Although singer-songwriter Corinne Newton calls the rural area around Central Butte and Tugaske her stomping grounds, she’s excited to have recently found a home on the rotation at Moose Jaw’s country radio station with her newest single, “Real Life Reality.”
The title track of Newton’s new five-track EP hit the airwaves on March 9 — the first time Newton has debuted a new song in such a big way.
“As an independent artist, I’m kind of flying by the seat of my pants,” joked Newton. “But it's on the local rotation now and when they play the local spotlight, it's on there too. And anybody can get those listening numbers up for us [by requesting the song], and maybe it will go further.”
The inspiration behind “Real Life Reality” came from a realization she had about technology and social media, said Newton, and how sometimes we need to look up from the screens and find enjoyment in real life.
“The song just kind of flowed out of me,” said Newton. “Looking at those devices and technology, there’s just a lot of negativity, so if we can just set it aside for a while, we’ll see there’s a lot of things to look at other than that.”
Newton said she initially penned the song a few years back, but found that the message she wrote in “Real Life Reality” seemed to be even more pertinent given the past year.
“When the pandemic hit, I played it during a Facebook live [video] or something, and everybody just related to it that much more,” said Newton.
In fact, her audience enjoyed the single so much that it prompted her to consider recording new music for the first time since her previous album in 2015, Chasing Butterflies. The decision was cemented when fellow musician Mike Beaudry launched Sonar Records, a recording studio located in Tugaske and just down the road from Newton’s home, and invited her to be the first artist to hit the sound booth.
One single turned into the Real Life Reality EP, which features four other new tracks from within Newton’s notebooks. And while the title track feels pandemic-adjacent, the rest of the album is more about the experience of living on the prairies, which is Newton’s forte as an artist, set in the nostalgic style of country music from the 90s.
“I’m a big fan of 90s country and I really miss that sound, [so] I told that to Mike and everything he does on guitar [for the EP] is exactly what I was hoping for,” said Newton. “They’re upbeat songs, because I didn’t want to go sad; there’s enough negativity out there that I wanted to keep it upbeat [and] they’re songs of the prairies and of the rural. I write about what I know and I’ve lived most of my life here in the prairies.”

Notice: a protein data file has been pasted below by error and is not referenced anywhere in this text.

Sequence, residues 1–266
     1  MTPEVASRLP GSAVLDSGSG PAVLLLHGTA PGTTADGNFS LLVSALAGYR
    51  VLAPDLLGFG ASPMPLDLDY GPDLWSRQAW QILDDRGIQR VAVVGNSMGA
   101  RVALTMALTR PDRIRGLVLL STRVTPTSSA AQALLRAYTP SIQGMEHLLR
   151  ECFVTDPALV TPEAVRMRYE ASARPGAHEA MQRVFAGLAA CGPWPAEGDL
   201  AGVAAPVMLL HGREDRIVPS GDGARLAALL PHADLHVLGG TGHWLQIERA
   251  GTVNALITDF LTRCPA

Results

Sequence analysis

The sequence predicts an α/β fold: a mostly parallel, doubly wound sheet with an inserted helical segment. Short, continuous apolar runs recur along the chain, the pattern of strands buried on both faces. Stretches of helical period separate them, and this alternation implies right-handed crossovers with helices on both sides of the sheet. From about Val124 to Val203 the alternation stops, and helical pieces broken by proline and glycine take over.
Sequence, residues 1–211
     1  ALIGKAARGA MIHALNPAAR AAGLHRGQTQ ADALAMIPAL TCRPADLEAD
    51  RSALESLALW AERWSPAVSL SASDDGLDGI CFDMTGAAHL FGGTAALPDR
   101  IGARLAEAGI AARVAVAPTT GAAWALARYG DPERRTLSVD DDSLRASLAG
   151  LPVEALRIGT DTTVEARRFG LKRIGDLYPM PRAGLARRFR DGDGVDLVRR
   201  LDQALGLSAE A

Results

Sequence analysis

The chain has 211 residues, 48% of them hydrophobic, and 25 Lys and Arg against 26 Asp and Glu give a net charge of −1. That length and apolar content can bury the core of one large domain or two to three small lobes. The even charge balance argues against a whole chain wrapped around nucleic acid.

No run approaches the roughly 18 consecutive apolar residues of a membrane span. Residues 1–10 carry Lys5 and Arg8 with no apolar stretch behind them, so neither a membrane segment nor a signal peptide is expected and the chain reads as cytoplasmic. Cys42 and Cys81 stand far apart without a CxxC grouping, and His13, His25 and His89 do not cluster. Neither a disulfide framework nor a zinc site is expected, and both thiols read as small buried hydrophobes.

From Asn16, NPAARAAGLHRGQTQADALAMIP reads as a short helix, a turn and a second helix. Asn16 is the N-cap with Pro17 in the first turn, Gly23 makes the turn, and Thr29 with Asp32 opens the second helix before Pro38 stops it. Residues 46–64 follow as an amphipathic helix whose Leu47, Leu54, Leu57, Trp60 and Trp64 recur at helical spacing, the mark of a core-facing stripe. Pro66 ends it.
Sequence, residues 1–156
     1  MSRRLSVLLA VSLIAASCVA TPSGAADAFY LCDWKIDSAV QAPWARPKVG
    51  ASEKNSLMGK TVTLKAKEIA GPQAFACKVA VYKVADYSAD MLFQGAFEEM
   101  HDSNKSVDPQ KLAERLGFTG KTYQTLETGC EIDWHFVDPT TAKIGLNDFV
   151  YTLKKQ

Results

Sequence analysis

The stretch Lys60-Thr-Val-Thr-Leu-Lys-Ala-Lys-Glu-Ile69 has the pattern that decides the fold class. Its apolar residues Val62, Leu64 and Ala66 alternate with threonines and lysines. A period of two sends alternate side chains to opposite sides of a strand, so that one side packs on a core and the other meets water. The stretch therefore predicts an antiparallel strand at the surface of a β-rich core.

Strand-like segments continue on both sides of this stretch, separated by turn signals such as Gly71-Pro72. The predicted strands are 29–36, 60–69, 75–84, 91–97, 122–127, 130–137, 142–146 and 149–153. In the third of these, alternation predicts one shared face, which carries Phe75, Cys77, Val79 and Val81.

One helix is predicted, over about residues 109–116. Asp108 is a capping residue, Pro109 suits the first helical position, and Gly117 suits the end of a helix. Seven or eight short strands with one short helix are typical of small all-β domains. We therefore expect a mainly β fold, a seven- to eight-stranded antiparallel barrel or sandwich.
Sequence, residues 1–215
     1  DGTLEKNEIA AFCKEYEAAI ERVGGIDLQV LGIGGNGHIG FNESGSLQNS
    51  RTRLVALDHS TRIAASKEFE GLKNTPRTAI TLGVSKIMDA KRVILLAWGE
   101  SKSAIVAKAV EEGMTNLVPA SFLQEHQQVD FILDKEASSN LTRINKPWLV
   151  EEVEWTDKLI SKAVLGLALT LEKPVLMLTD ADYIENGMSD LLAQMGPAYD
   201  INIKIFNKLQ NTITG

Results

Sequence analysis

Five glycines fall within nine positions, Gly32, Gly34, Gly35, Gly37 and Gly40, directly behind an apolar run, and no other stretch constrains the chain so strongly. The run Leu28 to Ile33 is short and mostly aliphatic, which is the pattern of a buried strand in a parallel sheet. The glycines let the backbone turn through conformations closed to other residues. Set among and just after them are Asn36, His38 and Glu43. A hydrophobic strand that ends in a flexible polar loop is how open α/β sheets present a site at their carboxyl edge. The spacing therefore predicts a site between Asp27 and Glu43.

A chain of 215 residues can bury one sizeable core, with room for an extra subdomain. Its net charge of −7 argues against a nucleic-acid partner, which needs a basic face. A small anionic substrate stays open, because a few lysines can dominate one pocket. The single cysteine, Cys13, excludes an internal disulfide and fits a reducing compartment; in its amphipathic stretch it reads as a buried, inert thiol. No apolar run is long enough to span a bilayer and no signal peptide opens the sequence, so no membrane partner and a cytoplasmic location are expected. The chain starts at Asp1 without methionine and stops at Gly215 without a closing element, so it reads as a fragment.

Newton also shared that the entire album is actually completely locally grown, sourced right from her small town and surrounding area.
Real Life Reality was recorded and produced at Sonar Records, and both of Newton’s backing musicians are from the Tugaske and Central Butte area — Beaudry on drums and guitar, and Glenna Switzer guesting on keyboards. Even the album’s cover and promotional photos were taken by local photographer Shelby Godick.
“It’s a locally made album and that is kind of important, you know, especially in this day in age,” said Newton. “And it really shows the talent that’s right here, you don’t have to go anywhere. We’re not keeping it local just to keep it local, it's that the talent is right here, and that's kind of neat.”
As the cherry on top of a successful single release, Newton is also inviting fans to help her out in creating a music video for “Real Life Reality.” She’s asking for emailed submissions of video clips, ideally of around 30 seconds, showing off what people are doing to entertain themselves that doesn’t involve technology, which she’ll be compiling together into a music video.
“I’ve got quite a few coming in, but there’s always room for more,” said Newton. “It's kind of fun, seeing what everybody’s been up to, and I think it brings a smile to everyone’s face, and that’s what it’s all about.”
Real Life Reality will be available to listen to on all streaming platforms on March 12, including Spotify and iTunes. Anyone interested in a physical copy of the album can reach out to Newton either by email at firstname.lastname@example.org or through her website to request a CD.